What impressed me most was that she started out thinking that the status quo was a female choice but she soon changed her mind faced with clear evidence that a 50:50 gender balance (in her own company) was more profitable for the employer and probably a happier place to work. All this and to be told by gender consultant Avivah Wittenberg-Cox that she’d used her female strengths to benefit her business running her ship her way or else!
Of course real life isn’t an ideal world in any male dominated industry like Hilary’s logistics one and we’re much the same in the motor industry. A few feisty females in top Board positions but we’d probably struggle to make 5% let alone 50% as an industry average for Female Board Directors overall. Having said that I do think things are getting better in a few female friendly working environments, especially at middle management and in customer service roles.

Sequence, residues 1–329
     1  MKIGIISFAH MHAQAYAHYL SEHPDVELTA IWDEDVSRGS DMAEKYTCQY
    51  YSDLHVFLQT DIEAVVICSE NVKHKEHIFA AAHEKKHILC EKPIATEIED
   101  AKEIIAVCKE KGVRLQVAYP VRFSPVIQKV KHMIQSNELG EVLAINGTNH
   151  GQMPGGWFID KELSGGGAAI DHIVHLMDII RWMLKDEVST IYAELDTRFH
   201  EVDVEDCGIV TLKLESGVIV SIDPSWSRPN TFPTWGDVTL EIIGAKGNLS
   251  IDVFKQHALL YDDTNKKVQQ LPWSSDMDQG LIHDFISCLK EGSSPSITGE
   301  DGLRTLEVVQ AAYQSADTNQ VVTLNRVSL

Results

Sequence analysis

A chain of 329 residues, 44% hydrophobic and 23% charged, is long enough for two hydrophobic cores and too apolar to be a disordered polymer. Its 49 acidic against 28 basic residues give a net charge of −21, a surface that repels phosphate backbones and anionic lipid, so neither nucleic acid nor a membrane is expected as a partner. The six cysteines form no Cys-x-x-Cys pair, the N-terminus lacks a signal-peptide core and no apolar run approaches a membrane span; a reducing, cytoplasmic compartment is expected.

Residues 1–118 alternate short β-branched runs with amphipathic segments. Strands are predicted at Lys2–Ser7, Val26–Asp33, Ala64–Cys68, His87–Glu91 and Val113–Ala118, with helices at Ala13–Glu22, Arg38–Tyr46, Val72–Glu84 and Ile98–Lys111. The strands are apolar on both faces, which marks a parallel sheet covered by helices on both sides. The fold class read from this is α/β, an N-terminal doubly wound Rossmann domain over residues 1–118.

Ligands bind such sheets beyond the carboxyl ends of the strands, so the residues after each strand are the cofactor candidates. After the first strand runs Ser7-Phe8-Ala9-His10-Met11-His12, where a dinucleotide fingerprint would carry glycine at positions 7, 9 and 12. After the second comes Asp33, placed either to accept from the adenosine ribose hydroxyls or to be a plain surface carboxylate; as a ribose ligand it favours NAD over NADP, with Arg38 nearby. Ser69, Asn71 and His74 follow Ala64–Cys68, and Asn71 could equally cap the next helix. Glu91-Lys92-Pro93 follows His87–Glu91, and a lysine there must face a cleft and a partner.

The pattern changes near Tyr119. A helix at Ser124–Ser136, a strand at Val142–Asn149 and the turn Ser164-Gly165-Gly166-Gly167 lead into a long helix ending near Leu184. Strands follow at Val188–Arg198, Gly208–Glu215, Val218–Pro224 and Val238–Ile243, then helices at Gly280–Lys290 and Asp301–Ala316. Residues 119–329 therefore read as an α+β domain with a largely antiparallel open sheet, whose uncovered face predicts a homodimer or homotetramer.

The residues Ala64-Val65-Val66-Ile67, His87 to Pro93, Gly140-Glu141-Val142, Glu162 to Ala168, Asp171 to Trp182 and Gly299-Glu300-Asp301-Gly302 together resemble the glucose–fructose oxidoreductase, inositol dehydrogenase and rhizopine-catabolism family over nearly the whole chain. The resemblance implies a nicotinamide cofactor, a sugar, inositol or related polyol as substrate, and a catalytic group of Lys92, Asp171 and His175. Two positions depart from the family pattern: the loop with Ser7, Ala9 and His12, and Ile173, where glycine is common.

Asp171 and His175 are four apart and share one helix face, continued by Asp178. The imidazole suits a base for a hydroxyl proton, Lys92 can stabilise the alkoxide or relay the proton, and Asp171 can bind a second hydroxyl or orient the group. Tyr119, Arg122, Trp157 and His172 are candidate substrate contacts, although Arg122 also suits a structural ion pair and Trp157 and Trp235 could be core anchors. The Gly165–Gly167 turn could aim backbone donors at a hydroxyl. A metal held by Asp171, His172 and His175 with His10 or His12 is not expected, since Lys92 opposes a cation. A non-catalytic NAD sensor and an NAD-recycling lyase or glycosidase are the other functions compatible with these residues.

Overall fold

Queen Bee by nature or nurture?
Undoubtedly Hilary is a Queen Bee in her business and industry. She knows she has brought fame and fortune to her business by virtue of her gender and talents but she doesn’t promote that when advertising for staff. I think she’ll change this now because if she would like to recruit the best person for the job, this means including females, and women like to see ‘women like them’ (or women to aspire to be) in their employer of choice. This is a lesson other male dominated businesses should address where they can, as well as promoting other female friendly credentials to potential recruits.